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Posts tagged ‘Twine’

On Sale At Last: Twine, Your Gateway To The Internet Of Things

A year ago, two MIT Media Lab graduates raised half a million dollars on Kickstarter to create Twine, a cigarette-pack-sized chunk of Internet magic that promised to turn any object in your home into a web-connected, interactive “smart product”. Want your basement pipes to send you a text message when they’re in danger of freezing up, or your garage door to ping you if you forget to close it? No problem: With Twine, building your own personal “Internet of things” is supposed to be easier than programming a VCR. And now that the product is available for purchase, it looks like creators John Kestner and David Carr have very nearly delivered on that ambitious promise.

How do you get a non-hacker to even understand a device like Twine? With product design that would make Steve Jobs proud. Kestner, who studied industrial design as an undergraduate, tells Co.Design that “we wanted to wrap the functionality in something that didn’t read as an electronic object.” Twine is packed with sensors that detect temperature, moisture, and position, but it’s as light, small, and unassuming as a pack of gum. “It’s just a solid chunk of connectivity,” Kestner says. “We settled onelastomer [for the outer case]–it feels great to the touch, and reads as durable, friendly, and decidedly non-electronic.”

But Twine is also intriguingly mysterious: Flip the rubbery, featureless box over on its back and two instructions reveal themselves: “Place this side up,” and “go to Twinesetup.com.” From there, configuring Twine feels like an adventure instead of a chore. Wow, it just connected to the Web by itself–now a little light is turning on–whoa, now I can see an image of it in my Web browser, sensing the temperature–what will this thing do next?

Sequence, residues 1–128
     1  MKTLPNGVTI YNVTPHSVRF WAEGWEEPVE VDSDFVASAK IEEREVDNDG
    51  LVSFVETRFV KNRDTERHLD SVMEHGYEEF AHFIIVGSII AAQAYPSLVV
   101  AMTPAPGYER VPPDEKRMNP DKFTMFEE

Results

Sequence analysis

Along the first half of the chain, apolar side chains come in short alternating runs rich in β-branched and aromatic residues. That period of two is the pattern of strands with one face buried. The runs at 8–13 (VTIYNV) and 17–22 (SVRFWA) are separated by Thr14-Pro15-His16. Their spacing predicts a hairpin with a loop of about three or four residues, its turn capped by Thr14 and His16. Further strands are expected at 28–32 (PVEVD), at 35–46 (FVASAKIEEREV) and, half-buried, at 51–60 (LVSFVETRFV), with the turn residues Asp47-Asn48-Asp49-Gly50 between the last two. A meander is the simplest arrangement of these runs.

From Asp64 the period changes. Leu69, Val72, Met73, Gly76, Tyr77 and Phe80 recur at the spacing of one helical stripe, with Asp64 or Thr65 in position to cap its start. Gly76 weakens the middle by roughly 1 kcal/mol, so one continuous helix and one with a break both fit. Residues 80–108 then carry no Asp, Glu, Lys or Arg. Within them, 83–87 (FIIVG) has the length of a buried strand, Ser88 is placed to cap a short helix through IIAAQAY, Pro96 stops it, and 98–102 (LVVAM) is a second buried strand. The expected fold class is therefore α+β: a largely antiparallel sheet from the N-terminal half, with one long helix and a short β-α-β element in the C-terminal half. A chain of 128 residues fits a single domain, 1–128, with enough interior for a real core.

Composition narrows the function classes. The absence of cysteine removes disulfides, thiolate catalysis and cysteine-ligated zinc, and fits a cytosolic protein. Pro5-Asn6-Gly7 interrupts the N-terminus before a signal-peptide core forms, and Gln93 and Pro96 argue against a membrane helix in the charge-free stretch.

Building this sense of wonder and delight right out of the box is essential to making Twine feel useful. If you think of it as a little magic box that can do anything–kind of like a Swiss Army knife crossed with a Tamagotchi–you’re more likely to find its open-ended possibilities inspiring instead of intimidating. After all, there’s no instruction manual. Once your Twine is set up, the dashboard in your Web browser invites you to set up “rules” (which are actually simple programs) for telling it what to do. I just moved into a new house with a cold basement office, so I used the simple drop-down menus to program my Twine to send me a text message saying “Get a space heater, doofus” whenever the temperature drops below 70°.

More info here.

Twine wants to put your things on the internet

If you’re the kind of person that sometimes finds themselves talking to inanimate objects around the house then it might not be too long before they start talking back – not directly but via an SMS, tweet or email. MIT Media Lab graduates David Carr and John Kestner are looking to hook household objects up to the Web via Twine, a 2.5-inch square (16 cm2) box with internal and/or external sensors that connects to a Wi-Fi network to enable it to send a message when certain user customizable criteria are recognized by the unit’s sensors.

In 1982, a group of students at Carnegie Mellon University connected a Coke machine to the internet so they wouldn’t have to traipse down several floors just to find the machine empty. While the number of devices connected to the internet has exploded since that time, the majority of household appliances and objects have been slow to make the move online. Despite talk of the emerging “Internet of Things” connecting anything other than a computer, games console, tablet or smartphone to the internet via a home network generally still requires some specialized knowledge.

It is this hurdle that Carr and Kestner are aiming to clear with Twine, which they say will make it easy to connect things to the internet “without a nerd degree” – meaning there’s no programming or soldering and wiring expertise required. The Twine module provides Wi-Fi connectivity out of the box and comes with on-board temperature and vibration sensors. Power is supplied either via the unit’s mini-USB port or by two AAA batteries, with an email alert being sent when the batteries need replacing.

More info here.